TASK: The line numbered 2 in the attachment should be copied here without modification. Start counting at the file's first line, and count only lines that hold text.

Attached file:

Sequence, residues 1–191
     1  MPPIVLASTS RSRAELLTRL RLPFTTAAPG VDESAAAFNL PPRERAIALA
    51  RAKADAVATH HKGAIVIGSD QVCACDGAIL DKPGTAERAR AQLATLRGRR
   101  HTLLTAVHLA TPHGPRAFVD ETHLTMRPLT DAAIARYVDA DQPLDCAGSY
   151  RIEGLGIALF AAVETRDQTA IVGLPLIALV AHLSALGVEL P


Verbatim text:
     1  MPPIVLASTS RSRAELLTRL RLPFTTAAPG VDESAAAFNL PPRERAIALA